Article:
Figure 6-3: Risks of climate
change damages would be reduced by stabilizing CO2 concentration. The
risks of adverse impacts from climate change are depicted for different magnitudes
of global mean temperature change, where global mean temperature change is used
as a proxy for the magnitude of climate change. Estimates of global mean temperature
change by the year 2100 relative to the year 1990 are shown on the righthand side
of the figure for scenarios that would lead to stabilization of the atmospheric
concentration of CO2 , as well as for the full set of SRES projections.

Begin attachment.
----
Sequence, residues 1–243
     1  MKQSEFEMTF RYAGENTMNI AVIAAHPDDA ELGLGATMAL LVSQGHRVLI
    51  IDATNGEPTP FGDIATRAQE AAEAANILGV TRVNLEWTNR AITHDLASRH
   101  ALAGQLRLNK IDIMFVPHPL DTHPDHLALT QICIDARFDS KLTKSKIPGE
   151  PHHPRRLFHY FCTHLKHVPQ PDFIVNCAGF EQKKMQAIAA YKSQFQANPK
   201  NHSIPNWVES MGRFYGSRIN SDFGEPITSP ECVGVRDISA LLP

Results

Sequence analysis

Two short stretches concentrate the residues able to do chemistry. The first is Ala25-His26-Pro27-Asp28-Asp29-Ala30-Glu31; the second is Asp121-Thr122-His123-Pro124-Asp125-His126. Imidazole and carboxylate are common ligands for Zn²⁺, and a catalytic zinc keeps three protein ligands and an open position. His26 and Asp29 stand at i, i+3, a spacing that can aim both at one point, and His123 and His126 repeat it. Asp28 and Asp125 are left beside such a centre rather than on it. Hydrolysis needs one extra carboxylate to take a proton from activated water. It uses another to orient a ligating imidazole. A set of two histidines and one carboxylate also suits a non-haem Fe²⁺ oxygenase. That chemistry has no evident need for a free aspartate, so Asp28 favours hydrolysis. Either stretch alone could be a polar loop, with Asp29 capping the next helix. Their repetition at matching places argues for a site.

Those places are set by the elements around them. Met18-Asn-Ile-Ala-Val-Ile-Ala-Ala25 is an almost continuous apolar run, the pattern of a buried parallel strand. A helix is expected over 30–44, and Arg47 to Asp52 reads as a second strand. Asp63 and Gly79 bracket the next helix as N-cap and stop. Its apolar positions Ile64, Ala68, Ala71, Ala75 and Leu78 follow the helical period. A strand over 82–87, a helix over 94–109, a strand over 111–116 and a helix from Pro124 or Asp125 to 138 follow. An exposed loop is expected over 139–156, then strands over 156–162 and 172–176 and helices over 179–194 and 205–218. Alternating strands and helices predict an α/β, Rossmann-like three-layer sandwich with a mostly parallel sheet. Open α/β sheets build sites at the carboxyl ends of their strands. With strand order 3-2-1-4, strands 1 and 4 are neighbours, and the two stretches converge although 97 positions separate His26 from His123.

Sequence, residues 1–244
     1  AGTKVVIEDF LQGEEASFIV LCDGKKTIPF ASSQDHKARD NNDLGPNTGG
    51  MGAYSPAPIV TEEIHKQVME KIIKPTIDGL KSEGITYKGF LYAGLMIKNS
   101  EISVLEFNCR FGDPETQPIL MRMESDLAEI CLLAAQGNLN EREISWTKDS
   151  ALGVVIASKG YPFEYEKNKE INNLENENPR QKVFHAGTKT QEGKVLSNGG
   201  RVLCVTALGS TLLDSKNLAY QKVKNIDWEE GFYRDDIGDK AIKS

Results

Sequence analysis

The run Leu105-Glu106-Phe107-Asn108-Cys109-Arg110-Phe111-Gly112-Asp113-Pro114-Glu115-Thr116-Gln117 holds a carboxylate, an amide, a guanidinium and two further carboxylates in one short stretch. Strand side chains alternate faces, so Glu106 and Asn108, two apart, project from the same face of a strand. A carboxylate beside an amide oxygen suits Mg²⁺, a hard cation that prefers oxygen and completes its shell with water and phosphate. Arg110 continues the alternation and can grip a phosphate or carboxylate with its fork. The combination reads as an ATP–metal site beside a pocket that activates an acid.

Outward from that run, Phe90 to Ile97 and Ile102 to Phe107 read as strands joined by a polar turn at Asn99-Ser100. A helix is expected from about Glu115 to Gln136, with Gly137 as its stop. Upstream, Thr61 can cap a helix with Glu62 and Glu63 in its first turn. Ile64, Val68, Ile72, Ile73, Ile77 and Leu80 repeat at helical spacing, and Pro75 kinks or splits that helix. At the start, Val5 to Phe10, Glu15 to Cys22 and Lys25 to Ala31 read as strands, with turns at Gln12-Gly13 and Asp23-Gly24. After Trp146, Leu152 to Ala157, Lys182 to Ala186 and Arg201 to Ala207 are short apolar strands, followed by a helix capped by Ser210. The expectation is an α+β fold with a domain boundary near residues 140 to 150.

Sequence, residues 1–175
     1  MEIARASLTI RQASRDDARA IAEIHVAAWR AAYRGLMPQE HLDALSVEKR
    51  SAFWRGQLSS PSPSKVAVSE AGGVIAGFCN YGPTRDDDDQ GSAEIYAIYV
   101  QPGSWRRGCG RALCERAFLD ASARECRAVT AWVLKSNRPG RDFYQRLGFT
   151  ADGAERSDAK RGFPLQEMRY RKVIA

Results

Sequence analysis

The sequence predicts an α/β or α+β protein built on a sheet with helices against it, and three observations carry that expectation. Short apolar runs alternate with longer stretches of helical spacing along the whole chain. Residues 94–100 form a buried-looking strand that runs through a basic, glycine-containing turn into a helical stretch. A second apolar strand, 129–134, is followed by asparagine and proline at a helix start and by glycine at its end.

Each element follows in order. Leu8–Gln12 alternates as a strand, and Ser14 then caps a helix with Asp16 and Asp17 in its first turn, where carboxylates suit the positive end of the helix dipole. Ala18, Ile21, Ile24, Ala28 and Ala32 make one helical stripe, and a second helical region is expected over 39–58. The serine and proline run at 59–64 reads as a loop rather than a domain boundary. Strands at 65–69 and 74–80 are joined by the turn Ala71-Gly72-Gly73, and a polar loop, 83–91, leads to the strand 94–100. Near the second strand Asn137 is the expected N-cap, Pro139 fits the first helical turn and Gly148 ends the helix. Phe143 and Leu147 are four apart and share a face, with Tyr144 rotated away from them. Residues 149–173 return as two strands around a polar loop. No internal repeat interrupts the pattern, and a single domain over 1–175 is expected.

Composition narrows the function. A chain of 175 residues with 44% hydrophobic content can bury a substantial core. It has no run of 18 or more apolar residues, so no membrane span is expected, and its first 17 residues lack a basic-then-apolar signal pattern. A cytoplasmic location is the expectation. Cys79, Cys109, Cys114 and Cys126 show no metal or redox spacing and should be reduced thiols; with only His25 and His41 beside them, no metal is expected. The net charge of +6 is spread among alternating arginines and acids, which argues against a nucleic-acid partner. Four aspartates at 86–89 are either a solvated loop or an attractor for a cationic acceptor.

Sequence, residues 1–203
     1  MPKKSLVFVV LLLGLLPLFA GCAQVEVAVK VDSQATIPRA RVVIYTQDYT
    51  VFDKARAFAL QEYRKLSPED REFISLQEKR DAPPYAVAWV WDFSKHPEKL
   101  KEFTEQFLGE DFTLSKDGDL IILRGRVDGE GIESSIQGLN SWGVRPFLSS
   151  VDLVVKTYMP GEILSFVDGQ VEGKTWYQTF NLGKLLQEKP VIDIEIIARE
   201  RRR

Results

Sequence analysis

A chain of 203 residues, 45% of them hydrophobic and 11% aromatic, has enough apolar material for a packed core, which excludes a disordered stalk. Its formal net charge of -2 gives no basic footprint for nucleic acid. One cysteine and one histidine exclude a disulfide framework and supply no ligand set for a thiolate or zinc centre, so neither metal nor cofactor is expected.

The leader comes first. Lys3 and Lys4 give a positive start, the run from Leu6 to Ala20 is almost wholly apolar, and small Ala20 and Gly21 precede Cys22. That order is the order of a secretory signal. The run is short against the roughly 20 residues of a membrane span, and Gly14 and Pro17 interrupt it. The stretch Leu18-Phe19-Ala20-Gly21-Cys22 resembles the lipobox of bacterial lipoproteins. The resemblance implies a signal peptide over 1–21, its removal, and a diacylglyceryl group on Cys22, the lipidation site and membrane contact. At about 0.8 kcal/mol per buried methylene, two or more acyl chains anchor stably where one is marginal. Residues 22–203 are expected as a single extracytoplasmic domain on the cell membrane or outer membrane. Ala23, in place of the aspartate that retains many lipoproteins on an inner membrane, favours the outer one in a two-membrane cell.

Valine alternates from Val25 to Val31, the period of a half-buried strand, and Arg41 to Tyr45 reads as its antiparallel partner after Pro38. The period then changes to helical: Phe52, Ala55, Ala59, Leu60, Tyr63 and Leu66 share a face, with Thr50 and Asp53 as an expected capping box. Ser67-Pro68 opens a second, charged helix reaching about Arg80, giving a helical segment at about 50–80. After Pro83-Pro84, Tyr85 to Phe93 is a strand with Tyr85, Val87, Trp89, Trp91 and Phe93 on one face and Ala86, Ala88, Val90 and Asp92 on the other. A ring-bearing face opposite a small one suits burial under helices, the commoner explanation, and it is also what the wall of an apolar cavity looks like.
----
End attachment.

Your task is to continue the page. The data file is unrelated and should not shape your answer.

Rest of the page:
Many risks associated with warming above 3.5°C by the year 2100 would
be avoided by stabilizing CO2 concentration at or below 1,000 ppm.
Stabilization at a lower level would reduce risks further.White indicates neutral
or small negative or small positive impacts or risks; yellow indicates negative
impacts for some systems or low risks; and red means negative impacts or risks
that are more widespread and/or greater in magnitude. The assessment of impacts
or risks takes into account only the magnitude of change and not the rate of change.
Global mean annual temperature change is used as a proxy for the magnitude of
climate change, but impacts would be a function of, among other factors, the magnitude
and rate of global and regional changes in mean climate, climate variability and
extreme climate phenomena, social and economic conditions, and adaptation.